Consideration (b) ignores the realities of evolution and how life would come about. If the physical constants were different then life would be different or not exist; the former allows for the questioning of the state of the universe and the latter naturally unquestionining.

The idea that there are 'countless planets but only one earth' is an egotistical take on human existance. As already noted there is nothing 'special' about the place of our solar system in the universe and given how mind bogglingly big the galaxy is, never mind the universe, it is more than likely that there are other life carrying planets out there. We haven't detected them yet simply because our technology isn't good enough yet (but its getting better with every passing year), however at the same time we have found evidence which points to the idea that simple life could have existed on Mars in the distant past and we've also discovered organic carbon inside metorites carried to earth.

The fact we haven't detected life yet does not disprove it's existance; much like not knowing that bacteria existed didn't stop them from doing so and making us sick.

I very much doubt you'd find a scientist alive who would say 'we know all the answers!'; science is a constant quest to find out more after all. However, at the same time, just because we don't have the answers now doesn't magic the hand waving any more 'right' either.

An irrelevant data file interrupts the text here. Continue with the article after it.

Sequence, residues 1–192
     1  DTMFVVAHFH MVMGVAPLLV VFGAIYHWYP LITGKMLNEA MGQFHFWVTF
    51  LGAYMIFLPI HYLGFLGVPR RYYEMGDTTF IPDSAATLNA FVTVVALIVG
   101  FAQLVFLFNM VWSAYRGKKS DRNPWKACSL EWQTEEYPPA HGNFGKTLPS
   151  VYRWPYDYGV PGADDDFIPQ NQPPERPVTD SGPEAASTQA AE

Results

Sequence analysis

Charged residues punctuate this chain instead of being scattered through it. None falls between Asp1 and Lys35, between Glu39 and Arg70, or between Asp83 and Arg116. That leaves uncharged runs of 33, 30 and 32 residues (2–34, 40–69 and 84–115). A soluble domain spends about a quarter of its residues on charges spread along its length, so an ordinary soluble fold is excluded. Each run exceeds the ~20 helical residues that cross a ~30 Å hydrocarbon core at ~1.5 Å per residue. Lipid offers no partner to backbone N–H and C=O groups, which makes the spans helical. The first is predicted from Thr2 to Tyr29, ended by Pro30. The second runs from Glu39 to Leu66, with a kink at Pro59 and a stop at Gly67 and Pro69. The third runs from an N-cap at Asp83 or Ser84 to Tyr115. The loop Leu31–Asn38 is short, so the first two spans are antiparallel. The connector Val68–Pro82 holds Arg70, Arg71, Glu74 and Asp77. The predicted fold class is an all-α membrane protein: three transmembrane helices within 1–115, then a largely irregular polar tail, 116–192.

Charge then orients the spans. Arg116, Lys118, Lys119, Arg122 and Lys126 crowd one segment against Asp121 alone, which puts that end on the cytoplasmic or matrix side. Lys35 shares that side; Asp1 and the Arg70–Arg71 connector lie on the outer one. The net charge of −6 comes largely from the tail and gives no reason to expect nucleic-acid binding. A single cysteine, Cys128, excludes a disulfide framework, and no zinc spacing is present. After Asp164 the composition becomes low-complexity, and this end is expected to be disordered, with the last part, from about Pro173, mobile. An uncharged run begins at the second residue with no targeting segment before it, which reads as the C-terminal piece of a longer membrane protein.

#115 Machaira   Moderators   -  Reputation: 1028

Posted 21 July 2011 - 05:33 AM

On a different subject, it's ridiculous that you people are arguing about the correlation between IQ and religion by using anecdotal evidence.

Then maybe you shouldn't have brought it up. Posted Image



And yet there are a bunch of people with IQs high enough to qualify for Mensa (myself included) that are Christians. Imagine that. Posted Image

Is this a joke? If you actually had an IQ as high as you claim I think the chances are pretty high that you'd realize how stupid it is to imply that your anecdotal evidence has any bearing on the subject. It doesn't matter if you know the smartest person in the world and she happens to be a Christian. It's irrelevant. I guess high IQs don't make up for ignorance of basic statistics.


And I think it's ridiculous that you even brought it up in the first place. It has no bearing on the subject. You could have just ignored the post you replied to since it had already been stated that discussions like this are allowed in and the purposed of the Lounge. Instead of posting the person back to the post that stated this you chose to offer up irrelevant information that had no bearing on the issue and, given the fact that probably the majority here do not fit the group you mentioned, seemed like a sad trolling attempt.